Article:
City council approves $375K bailout for San Antonio Pets Alive

City leaders voting on mid-year adjustments to budget

SAN ANTONIOUPDATE: The San Antonio City Council has approved a $375,000 bailout for San Antonio Pets Alive.

The nonprofit, which opened in 2012, is the only rescue in the Alamo City that solely saves animals from the city's Animal Care Services euthanasia list. It contributes 18 percent to the city's save rate, according to ACS officials.

The $375,000 was slated to come with certain requirements, including a city seat on the SAPA board, a $150,000 match, hiring a new CEO in 60 days and the release of an RFP for operations at the adoption center.



PREVIOUSLY: City leaders will meet on Thursday to discuss and vote on a revised FY 2016 budget.

The revised numbers will take into account actual revenues and expenditures from Oct. 2015 to March.

The budget passed by City Council last September anticipated that a new collective bargaining agreement between the city and police union would be ratified. That has not happened.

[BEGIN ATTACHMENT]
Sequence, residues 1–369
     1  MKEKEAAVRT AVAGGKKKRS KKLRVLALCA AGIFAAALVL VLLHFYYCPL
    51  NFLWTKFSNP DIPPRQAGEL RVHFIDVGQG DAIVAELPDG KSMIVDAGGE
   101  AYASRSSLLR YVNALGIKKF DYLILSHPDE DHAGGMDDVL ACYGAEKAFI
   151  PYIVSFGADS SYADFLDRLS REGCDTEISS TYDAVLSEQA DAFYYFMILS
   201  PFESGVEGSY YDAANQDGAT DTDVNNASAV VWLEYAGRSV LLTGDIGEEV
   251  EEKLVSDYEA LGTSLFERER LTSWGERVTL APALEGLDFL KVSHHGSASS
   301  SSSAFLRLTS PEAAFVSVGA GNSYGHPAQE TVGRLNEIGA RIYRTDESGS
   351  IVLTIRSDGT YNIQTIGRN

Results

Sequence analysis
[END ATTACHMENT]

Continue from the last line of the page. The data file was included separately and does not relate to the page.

Through the first six months, the city’s budget remains balanced but sales tax and CPS Energy revenues are down. The city has saved money thanks to lower gas prices.

City staff is recommending SA Pets Alive receive an additional $375,000 this year, under certain requirements, including: a city seat on SAPA board, $150,000 match, hiring a new CEO in 60 days and release of RFP for operations at the adoption center.

Other proposed changes include:

  • Converting 30 temporary positions at the 911 call center to full-time
  • Reclassifying three firefighters to engineers, converting two temporary civilian positions to full-time
  • Spending $300,000 on Alamodome locker room improvements
  • Spending $400,000 on parks -- $200,000 on softball improvements at Lincoln Park and another $200,000 for a statue of Dr. Martin Luther King Jr.
  • Click here to read the entire FY 2016 adopted operating and capital budget.

    The “Six Plus Six” financial report will be presented to council during the “B” session with an information briefing on this year’s revenues and expenses.

    Though the council is expected to vote on a revised budget, should the mid-year budget adjustment not be implemented, the FY 2016 budget will not be reset to reflect money the city took in and spent during the first six months of the fiscal year.